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189

Ralph Moore: The Complete Landmark Recordings

Jim Santella By

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His exposure with Jay Leno’s Tonight Show band has brought tenor saxophonist Ralph Moore right into our living rooms and bedrooms. By reissuing two Landmark albums from 1988 and 1990 in one double CD package, 32 Jazz has reintroduced valuable straight-ahead quartet and quintet material that caught several young lions near the beginning of their careers: trumpeter Roy Hargrove, pianist Benny Green, and trumpeter Terence Blanchard. Assisting Green in the rhythm section are stalwarts Peter Washington on bass and Kenny Washington on drums. Moore, who back then was just past 30, developed his mainstream chops through the Berklee College of Music in Boston and apprenticeships with Horace Silver, J.J. Johnson and others. His velvety smooth tone makes Moore readily accessible to the average listener and opens ears for the lively improvisation he espouses.

Blanchard joins Moore’s quartet for half the selections on Images. Ten years ago, when the trumpeter had a brighter brassier tone and heaved his horn up high more often, Blanchard’s style was quite different from the romantic ballads he’s turned out in recent years. Together on this 1988 session, he and Moore carry on the tenor/trumpet tradition with professional spirit. A program selection that includes one lush ballad, one fiery Latin jazz episode, and the remainder up-tempo straight-ahead sparks, forces the listener to get caught up in the rhythm. There’s just no way to keep still, as Moore pushes the quartet through pieces such as his "Blues for John" and Elmo Hope’s "One Second, Please."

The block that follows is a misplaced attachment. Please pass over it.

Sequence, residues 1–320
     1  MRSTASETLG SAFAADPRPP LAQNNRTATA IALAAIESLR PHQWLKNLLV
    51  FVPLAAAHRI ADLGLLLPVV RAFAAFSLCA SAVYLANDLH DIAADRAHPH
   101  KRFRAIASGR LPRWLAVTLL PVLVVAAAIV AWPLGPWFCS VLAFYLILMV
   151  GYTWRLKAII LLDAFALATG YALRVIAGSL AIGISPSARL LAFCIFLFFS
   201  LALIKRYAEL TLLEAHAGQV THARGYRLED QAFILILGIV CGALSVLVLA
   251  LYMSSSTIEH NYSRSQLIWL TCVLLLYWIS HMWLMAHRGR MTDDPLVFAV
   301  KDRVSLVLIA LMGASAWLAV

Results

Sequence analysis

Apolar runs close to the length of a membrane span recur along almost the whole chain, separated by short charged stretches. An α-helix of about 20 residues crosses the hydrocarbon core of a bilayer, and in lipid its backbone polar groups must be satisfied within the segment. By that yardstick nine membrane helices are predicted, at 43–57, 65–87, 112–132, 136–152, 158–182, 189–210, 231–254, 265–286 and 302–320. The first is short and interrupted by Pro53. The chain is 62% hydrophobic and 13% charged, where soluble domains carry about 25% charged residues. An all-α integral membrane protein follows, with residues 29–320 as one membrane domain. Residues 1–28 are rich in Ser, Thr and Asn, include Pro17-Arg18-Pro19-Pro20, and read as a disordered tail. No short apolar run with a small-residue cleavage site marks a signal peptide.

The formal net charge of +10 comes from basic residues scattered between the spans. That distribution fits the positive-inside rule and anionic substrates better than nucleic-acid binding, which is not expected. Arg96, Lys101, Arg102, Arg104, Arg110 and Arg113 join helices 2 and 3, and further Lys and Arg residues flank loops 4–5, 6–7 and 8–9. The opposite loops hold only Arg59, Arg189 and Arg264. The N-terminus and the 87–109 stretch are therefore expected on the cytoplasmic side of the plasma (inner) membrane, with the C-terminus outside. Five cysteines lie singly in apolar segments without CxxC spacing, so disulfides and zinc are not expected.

Furthermore enlists the services of Roy Hargrove for half its selections. Splitting the program between loping ballads and up-tempo rockers, Moore inspires his bandmates. Benny Green wrote "Phoebe’s Samba," a Latin affair that includes Victor Lewis’s dramatic drum interlude. Hargrove’s moderate waltz "Into Dawn" contains lyrical melodies for piano and horns alike. Neal Hefti’s "Girl Talk" and Moore’s "310 Blues" walk the bass and ride the cymbal, while horns provide tight octaves. Each artist takes a relaxed bluesman solo filled with down home expression that tells the story of Ralph Moore’s career as well as any other.

Track Listingfor Images : Freeway; Enigma; Episode from a Village Dance; Morning Star; This I Dig of You; Blues for John; Punjab; One Second, Please.

Collective Personnelfor Images : Ralph Moore- tenor saxophone; Benny Green- piano; Peter Washington- bass; Kenny Washington- drums; Terence Blanchard- trumpet; Victor See-Yuen- congas on "Episode from a Village Dance."

Track Listingfor Furthermore : Hopscotch; Monk’s Dream; 310 Blues; Phoebe’s Samba; Girl Talk; Into Dawn; Line D.

Collective Personnelfor Furthermore : Ralph Moore- tenor saxophone; Benny Green- piano; Peter Washington- bass; Kenny Washington, Victor Lewis- drums; Roy Hargrove- trumpet.

| Record Label: 32 Records | Style: Straight-ahead/Mainstream


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